James Turk’s new book on money

Dec 2, 2021·Alasdair Macleod
Money and Liberty — In the Pursuit of Happiness & The Theory of Natural Money — by James Turk, Published by Wood Lane Books ISBN (paperback $19.99): 978-1-7398511-1-8 Available as a Kindle book from Amazon ($9.99).

This book is timely — in time for Christmas, yes. But timely for a more important reason. It comes at a time when central banks are accelerating their money-printing to unheard-of levels. Or should that be printing currency and not money?

At the outset, it should be stated that Turk founded Goldmoney at the turn of the millennium, when gold was less than $300 an ounce, compared with nearly $1800 today. I write for Goldmoney and am fortunate enough to know the author as a colleague and friend. The founding of Goldmoney was with a view to offering the public a means of avoiding the debasement of currencies. Turk views physical gold as money, akin to an insurance policy (though he doesn’t say so) and not an investment. There are gold related investments, such as mines and derivatives. This book is aimed at investors to explain the essential nature of money, pointing out that if the monetary worst comes to the monetary worst, physical gold will be spent, not sold for profit. That gold is now $1800 is not a measure of investment success — more a measure of the loss of purchasing power suffered by unbacked state currencies.

Sadly, it is a process that continues. Turk’s book makes the point that there is a clear distinction between money and currency, and that it is important to understand the difference. He defines money as “Any tangible asset that can be used to efficiently store, measure, and express units of purchasing power across space and time, but gold, a unique natural element, best meets the four requirements of money.” Yes, four, which Turk explains is the now forgotten payment function that was well understood until the classical gold standard ended with the outbreak of the First World War.

One might add that in history money was chosen as the medium of exchange by individuals between transacting individuals. And since barter was abandoned as the means of exchanging one’s production for the products homo economicus needed and desired, the common form of money of choice evolved into gold. The monetary function of gold has therefore been naturally established over millennia.

Currency, on the other hand, is a substitute for money, provided to us by governments and banks as the counterpart of credit. One would think that the distinction doesn’t matter, but Turk explains why it matters greatly. He explains the evolution of money and currency in the two nations upon which modern currency and banking laws apply — the United Kingdom and the United States.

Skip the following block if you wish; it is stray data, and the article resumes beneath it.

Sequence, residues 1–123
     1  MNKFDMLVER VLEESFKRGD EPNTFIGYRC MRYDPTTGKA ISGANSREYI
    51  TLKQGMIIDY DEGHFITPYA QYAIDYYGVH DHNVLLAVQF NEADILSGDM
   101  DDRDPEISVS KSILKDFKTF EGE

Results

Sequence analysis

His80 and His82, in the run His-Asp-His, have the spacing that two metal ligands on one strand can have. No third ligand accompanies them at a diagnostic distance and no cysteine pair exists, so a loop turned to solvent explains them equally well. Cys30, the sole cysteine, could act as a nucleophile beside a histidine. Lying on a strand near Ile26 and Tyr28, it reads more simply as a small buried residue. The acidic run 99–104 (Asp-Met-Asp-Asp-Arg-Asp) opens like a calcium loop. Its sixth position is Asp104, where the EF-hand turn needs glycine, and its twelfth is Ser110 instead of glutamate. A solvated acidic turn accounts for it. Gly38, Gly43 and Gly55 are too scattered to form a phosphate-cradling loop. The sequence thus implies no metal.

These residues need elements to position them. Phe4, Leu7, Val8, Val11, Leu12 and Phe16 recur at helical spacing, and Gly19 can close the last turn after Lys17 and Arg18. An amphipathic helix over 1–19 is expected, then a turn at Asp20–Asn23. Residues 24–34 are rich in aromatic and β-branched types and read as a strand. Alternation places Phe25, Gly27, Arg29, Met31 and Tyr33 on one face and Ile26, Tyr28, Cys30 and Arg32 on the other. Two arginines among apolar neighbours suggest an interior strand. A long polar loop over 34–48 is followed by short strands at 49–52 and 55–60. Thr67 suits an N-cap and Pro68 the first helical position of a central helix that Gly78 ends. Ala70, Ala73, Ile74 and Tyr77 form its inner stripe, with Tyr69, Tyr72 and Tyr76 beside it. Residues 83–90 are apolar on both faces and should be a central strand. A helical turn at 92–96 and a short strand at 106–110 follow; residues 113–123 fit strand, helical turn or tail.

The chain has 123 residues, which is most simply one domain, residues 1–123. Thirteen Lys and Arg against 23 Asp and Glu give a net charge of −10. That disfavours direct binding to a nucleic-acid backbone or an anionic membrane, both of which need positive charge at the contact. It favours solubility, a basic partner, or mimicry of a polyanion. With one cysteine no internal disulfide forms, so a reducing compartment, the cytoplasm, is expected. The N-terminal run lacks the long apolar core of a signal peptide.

If it wasn’t for politicians and central bankers finding it impossible to resist either using currency as a tool for economic management or simply as a source of funding government spending, the distinction between money, which evolved into gold through market forces, and currency, always a creature of the state, might not matter. But the British economist John Maynard Keynes, quoting Lenin said: “There is no subtler, no surer means of overturning the existing basis of society than to debauch the currency. The process engages all the hidden forces of economic law on the side of destruction and does it in a manner which not one man in a million is able to diagnose.”

This was early in Keynes’s career. By the time of his General Theory he had joined the ranks of the debauchers, believing it was justified to use currency expansion to create the illusion that recessions, slumps, and depressions were banished. Today, the deliberate government deficits that Keynes recommended to support the economy in hard times have become joined up into continual budget deficits for the dollar, everyone’s reserve currency. In theory, deficits are financed by government debt, but in practice the debt is mostly financed by the inflation of currency and credit. For ordinary people who normally don’t bother about money, currency, and credit and not knowing the differences, understanding the consequences of the currency bubble is suddenly very important when recognising, as Turk explains, that liberty needs politically honest money that only natural money can provide. Gold is nature’s money.

Turk’s book is an easy and informative read for those curious enough to lift themselves out of the 999,999 in a million who don’t understand money. It could turn out to be the best Christmas gift to loved ones, to whom money, as currencies continue to lose purchasing power, would otherwise remain a mystery.